The effect of patient-specific factors on radiation-induced regional lung injury.
PURPOSE: To assess the impact of patient-specific factors on radiation (RT)-induced reductions in regional lung perfusion. METHODS: Fifty patients (32 lung carcinoma, 7 Hodgkin's disease, 9 breast carcinoma and 2 other thoracic tumors) had pre-RT and > or = 24-week post-RT single photon emission computed tomography (SPECT) perfusion images to assess the dose dependence of RT-induced reductions in regional lung perfusion. The SPECT data were analyzed using a normalized and non-normalized approach. Furthermore, two different mathematical methods were used to assess the impact of patient-specific factors on the dose-response curve (DRC). First, DRCs for different patient subgroups were generated and compared. Second, in a more formal statistical approach, individual DRCs for regional lung injury for each patient were fit to a linear-quadratic model (reduction = coefficient 1 x dose + coefficient 2 x dose2). Multiple patient-specific factors including tobacco history, pre-RT diffusion capacity to carbon monoxide (DLCO), transforming growth factor-beta (TGF-beta), chemotherapy exposure, disease type, and mean lung dose were explored in a multivariate analysis to assess their impact on the coefficients. RESULTS: None of the variables tested had a consistent impact on the radiation sensitivity of regional lung (i.e., the slope of the DRC). In the formal statistical analysis, there was a suggestion of a slight increase in radiation sensitivity in the dose range >40 Gy for nonsmokers (vs. smokers) and in those receiving chemotherapy (vs. no chemotherapy). However, this finding was very dependent on the specific statistical and normalization method used. CONCLUSION: Patient-specific factors do not have a dramatic effect on RT-induced reduction in regional lung perfusion. Additional studies are underway to better clarify this issue. We continue to postulate that patient-specific factors will impact on how the summation of regional injury translates into whole organ injury. Refinements in our methods to generate and compare SPECT scans are needed.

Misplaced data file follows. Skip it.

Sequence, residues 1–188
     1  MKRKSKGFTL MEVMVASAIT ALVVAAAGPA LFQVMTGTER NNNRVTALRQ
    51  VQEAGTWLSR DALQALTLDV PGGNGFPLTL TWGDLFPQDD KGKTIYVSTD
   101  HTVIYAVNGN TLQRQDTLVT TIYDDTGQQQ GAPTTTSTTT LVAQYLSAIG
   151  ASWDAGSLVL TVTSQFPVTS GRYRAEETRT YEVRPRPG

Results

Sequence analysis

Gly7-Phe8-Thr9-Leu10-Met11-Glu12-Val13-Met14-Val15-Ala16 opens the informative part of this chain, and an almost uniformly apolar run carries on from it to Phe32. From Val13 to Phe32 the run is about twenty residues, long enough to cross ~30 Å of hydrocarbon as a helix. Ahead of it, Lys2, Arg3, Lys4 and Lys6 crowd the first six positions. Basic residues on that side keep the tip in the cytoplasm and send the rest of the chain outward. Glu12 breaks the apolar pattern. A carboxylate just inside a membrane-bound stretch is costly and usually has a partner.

Garipagaoglu, M; Munley, MT; Hollis, D; Poulson, JM; Bentel, GC; Sibley, G; Anscher, MS; Fan, M; Jaszczak, RJ; Coleman, RE; Marks, LB
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